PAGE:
Writing Tools

One of my fellow technical writers asked me a question that should have been easy enough to answer:

After spending the last year using FrameMaker 8, what would you want to use if you started at a new company that didn’t have any existing documentation? Would you want to go back to LaTeX or would you ask them to pay for you to get FrameMaker?

I was first of all amused that she didn’t assume that I would go for RoboHelp, one of the other documentation programs we use. There was also the assumption that I wouldn’t want to try something I’ve never tried before.

Then I had a think about it.

  • Am I a lone writer because they have very little documentation that needs to be created or am I the first of what will eventually be a team of many?
  • Is the documentation going to be online help, CHM, PDF?
  • How much money does the company have to spend on documentation, after paying me?
  • Does the documentation need to be released as soon as possible or is the software in the early stages of development, giving me time to develop the doc set?

All of these thoughts come together to decide how I would approach new documentation.

I know there are other tools available that I wouldn’t use for customer-facing documents, such as wikis (because of how difficult it is to keep them structured and ensure that all your pages are up-to-date) and plain text files (acceptable for short READMEs, but messy for long documents). There are also long lists of tools that I’ve never used before so don’t know the value of, such as Flare, DITA, and Author-It.

My first technical writing job, I worked for a very small company. I wrote everything in LaTeX, due to the ability to make a nice template, the ease of adding content, and the openness of the software to edit it. Free software to create the doc, ability to output as PDF and HTML. Everyone’s happy, right? Except most people don’t want to have to edit LaTeX because it can sometimes be fiddly and software developers have better things to do than chase an orphaned sentence.

If I were to go back and do it again, knowing what I know now, I would probably do the documentation in Microsoft Word, but with a fixed template. The developers left updating the documentation in my absence would be happy, and marketing could more easily copy text from the documents. Even the cost of the Microsoft Word license is effectively zero since everyone had it anyway. And in the end, I never did need the HTML help.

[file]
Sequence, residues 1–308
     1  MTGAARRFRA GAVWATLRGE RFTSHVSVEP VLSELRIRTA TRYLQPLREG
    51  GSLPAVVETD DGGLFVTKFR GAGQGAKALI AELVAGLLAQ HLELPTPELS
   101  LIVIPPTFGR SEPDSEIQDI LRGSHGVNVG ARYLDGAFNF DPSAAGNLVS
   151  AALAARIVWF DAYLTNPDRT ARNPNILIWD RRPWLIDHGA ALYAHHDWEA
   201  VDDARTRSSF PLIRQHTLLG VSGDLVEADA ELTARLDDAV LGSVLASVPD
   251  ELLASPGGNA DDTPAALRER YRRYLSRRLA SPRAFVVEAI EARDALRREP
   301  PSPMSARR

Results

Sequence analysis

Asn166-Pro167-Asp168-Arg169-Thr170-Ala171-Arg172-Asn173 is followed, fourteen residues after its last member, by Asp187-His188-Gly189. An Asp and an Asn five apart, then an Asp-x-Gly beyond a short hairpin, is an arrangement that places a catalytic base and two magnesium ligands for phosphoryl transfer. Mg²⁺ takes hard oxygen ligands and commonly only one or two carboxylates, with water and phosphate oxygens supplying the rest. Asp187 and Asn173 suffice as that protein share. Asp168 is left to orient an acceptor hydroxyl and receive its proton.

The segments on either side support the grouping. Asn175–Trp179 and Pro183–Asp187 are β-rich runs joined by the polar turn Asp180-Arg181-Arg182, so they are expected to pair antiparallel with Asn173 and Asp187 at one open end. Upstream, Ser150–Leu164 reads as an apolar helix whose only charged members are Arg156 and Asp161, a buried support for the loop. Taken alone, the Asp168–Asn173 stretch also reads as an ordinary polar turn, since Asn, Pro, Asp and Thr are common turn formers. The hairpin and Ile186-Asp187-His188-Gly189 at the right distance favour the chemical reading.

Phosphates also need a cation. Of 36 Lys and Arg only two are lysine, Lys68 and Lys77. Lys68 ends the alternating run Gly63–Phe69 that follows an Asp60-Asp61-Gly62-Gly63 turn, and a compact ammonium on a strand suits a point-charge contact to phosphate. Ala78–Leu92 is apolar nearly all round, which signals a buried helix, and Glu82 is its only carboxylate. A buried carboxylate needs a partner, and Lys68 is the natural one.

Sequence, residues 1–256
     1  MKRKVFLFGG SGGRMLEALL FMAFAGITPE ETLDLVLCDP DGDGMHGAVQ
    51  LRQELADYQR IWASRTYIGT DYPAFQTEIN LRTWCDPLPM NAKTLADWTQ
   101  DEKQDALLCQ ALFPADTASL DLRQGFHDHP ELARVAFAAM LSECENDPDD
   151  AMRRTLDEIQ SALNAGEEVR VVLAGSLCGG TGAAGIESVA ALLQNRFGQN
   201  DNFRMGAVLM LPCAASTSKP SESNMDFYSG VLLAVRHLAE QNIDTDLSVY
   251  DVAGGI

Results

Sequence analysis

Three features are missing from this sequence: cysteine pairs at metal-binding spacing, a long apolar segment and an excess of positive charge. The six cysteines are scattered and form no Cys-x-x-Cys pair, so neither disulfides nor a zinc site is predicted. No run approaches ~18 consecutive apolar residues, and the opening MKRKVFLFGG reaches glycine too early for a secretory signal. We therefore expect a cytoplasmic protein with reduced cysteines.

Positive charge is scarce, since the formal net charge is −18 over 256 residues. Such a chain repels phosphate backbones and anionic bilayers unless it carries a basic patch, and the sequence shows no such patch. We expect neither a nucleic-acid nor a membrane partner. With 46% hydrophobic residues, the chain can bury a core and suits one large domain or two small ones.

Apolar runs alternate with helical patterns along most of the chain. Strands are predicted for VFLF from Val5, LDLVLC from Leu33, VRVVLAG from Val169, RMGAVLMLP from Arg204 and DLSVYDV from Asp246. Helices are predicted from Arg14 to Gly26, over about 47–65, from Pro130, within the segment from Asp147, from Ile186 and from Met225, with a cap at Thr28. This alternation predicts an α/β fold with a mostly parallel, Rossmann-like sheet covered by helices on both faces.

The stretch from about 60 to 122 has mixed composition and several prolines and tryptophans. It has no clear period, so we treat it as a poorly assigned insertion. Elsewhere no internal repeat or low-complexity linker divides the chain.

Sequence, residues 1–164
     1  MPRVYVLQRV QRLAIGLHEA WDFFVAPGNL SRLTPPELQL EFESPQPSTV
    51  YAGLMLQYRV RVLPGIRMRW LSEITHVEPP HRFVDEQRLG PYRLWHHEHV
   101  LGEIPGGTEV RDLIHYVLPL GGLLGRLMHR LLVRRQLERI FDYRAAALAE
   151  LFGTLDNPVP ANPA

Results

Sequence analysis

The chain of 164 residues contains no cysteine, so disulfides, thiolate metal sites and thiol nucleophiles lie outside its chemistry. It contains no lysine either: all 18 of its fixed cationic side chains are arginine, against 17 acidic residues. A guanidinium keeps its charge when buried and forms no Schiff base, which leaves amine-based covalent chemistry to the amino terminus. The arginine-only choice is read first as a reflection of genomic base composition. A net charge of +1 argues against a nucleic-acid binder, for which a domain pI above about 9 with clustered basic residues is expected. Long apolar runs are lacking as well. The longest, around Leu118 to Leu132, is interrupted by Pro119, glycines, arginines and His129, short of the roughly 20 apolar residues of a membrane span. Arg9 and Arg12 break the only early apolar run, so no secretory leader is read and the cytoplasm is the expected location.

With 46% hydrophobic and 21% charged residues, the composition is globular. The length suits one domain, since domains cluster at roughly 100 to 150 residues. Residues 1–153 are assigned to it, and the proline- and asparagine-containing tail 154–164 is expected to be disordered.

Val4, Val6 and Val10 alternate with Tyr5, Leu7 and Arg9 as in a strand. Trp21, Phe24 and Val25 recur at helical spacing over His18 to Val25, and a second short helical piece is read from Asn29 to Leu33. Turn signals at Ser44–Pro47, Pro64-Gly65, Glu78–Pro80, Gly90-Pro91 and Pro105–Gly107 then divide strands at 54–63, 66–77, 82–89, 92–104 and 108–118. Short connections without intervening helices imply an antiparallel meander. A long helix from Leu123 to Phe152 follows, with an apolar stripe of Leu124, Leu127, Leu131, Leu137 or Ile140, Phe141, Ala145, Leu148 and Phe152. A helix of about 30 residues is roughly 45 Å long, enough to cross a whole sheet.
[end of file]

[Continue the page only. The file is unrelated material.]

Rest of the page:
If I worked for a very small company that needed primarily HTML help and the occasional PDF, I would probably use Adobe RoboHelp. Compared to other documentation software, the license is cheap, I already know how to use it, I can create templates for it, and (as long as I’m very strict about how a project is organised) it can produce good HTML help as well as PDFs.

I’ve mostly enjoyed FrameMaker 8, this last year. Our template is solid and we’ve got a strict style guide, so our documentation is consistent across writers and product suites. I mostly like the user interface and I know that more recent versions have fixed those few things that really rub me the wrong way. It even has the very useful features of conditional text and text insets. But, it’s expensive. It gets even more expensive if you want it to create HTML or CHM, since you need WebWorks ePublisher.

If the company were intent on expanding, both in terms of software suites and staff writers, I’d push for FrameMaker. At that point, they can probably afford the licenses for it, and it gives a much more structured doc set.

If the expanding company also had time to let me research and try different things first, I’d really want to give Structured FrameMaker a try. The idea of XML organisation in documentation makes me pleased as punch and, from what I’ve read about it, sounds like the sort of thing I’d really like to use.

This is one of the things I like about working with different people on different projects – I get to learn about all sorts of new tools. Maybe my next job will need me to learn DITA.